For many of us, one of the key lessons from the past few months has been a new appreciation of time. For some, the shutdown of schools, gyms, restaurants and team sporting activities offered a breather from our jam-packed schedules. For others, setting up the office at home blurred the boundary between business and pleasure, with work days morphing into work nights and work weekends. As our lives slowly return to normal, mindset is the key to managing our time more effectively. Read on for 9 effective time management techniques!
Our time is the most precious resource we have, and we need to start treating it as such. Like our money, we need to invest our time for the greatest possible return. Think about where you want to invest your time for the day, and where you will get the biggest bang for your buck.
Every activity performed comes at a cost, and understanding the four different costs can help you find the driver you need to ensure your time is well spent.
Your time is money. Work out your hourly rate and apply that to each task you perform.
If your rate is A$50/hour, and you spend one hour each day on Facebook, that’s A$18,250 of your time spent on Facebook every year.
Each time you perform an activity is a trade-off for something else you could have done with that time. Could you have made more progress on a report than you did by attending that meeting? Would investing in a cleaner enable you to swap housework for something you love?
If you feel guilty choosing an after-work function over an event at your child’s school, or feel stressed because you spent 15 minutes talking to a colleague about their personal issues when you could have used that time to be on the phone to a client, that is the emotional cost of your decision.
Does the way you spend your time leave you in physical pain?
If staying at the computer instead of taking your lunchtime walk means you’ll have back pain that will interrupt your sleep, your time may have been better spent taking your break and giving your back a reprieve, so you’re not tired and sore the next day.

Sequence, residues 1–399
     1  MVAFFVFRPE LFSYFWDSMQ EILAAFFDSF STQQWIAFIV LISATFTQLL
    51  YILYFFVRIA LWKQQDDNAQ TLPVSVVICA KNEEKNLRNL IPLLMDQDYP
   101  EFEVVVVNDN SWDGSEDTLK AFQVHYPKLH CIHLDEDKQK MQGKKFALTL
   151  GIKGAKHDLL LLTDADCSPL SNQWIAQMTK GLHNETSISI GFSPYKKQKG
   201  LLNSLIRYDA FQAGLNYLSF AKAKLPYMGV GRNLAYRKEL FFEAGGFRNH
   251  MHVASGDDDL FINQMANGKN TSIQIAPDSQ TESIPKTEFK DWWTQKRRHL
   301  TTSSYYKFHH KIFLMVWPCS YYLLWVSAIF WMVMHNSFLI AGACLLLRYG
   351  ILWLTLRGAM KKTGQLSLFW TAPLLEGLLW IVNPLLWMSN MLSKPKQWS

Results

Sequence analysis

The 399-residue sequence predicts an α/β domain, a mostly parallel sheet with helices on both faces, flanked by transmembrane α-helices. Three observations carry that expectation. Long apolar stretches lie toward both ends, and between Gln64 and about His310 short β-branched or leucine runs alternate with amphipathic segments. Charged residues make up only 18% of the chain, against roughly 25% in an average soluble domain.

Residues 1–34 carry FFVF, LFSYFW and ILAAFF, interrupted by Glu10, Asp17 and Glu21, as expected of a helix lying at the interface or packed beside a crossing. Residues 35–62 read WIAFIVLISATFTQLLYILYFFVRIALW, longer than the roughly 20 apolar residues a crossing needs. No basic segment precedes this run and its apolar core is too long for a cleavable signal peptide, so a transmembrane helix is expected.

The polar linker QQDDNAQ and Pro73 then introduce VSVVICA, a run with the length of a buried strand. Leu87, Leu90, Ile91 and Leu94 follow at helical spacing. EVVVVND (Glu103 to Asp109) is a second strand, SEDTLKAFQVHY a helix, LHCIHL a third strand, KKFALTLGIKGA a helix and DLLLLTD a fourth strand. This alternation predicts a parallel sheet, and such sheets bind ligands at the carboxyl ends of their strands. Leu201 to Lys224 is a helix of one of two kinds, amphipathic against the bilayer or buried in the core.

Most of us have an optimism bias when it comes to planning. We often significantly underestimate how long something will take us. Our advice? Double the time you allocate.
We should treat our brains like we would our wardrobes and bookshelves – stuff any of them to the point of overflowing, and it becomes more difficult, and time-consuming, to get what we want out of them.
80 per cent capacity is ideal, and sustainable, because it leaves us room to cope with the unexpected.
Design your day
Too often our days are dictated by emails or other people’s agendas. Conscious planning of our workload is best, by breaking it into selective batches.
The key is to identify those hours of the day when we work most effectively, and to reserve them for our hardest and most important high-value tasks.
High-value tasks are those that reflect your skill level and are either revenue-generating or cost-reducing. Low value tasks tend to be below our skill level, cost-inducing or easily delegated or rejected.
Our biggest time killers are multitasking and interruptions.
If we have our email alerts continually pinging, or if we toggle between screens or projects, we are probably not working at our most productive. In fact, multitasking can reduce our productivity by up to 40 per cent.
Allocate blocks of time to check in on all those “I want” or “I need” emails, rather than monitoring them all day. Emails are someone else’s to-do list.
We also need to beware of the time saboteur. Professionals are interrupted every eight minutes, and it can take them up to 23 minutes to get back on track. Protect your precious high-performance hours by saying “no” to interruptions.
Just as it is important to start the day strong, we should also give attention to the way we finish our day.
Set aside at least 30 minutes at the end of the day to reflect on what we have accomplished, plan how we will use our protected hours and consider whether there is anything we can do now to alleviate the pressure in the morning – even choosing what to wear the next day.
Don’t wait to get to work to decide how to spend the best two hours of our day.
Our brains continue to work while we’re asleep, so if we have decided what we need to do the next day, we can wake up ready to hit the ground running.
By consciously deciding what we are doing with our day, instead of just operating out of default, we can get off the vicious cycle and onto a productive cycle.
At DGL, our goal is to save you time (and tax of course), improve your efficiency and increase your profits so you reach your goals sooner. Every client and business is unique and our Accountants take the time to understand you and your financial situation to achieve your goals. If you would like to get your life back on track, we are here to help you – get in touch!
Effective time management techniques brought to you by In The Black and DGL Accountants.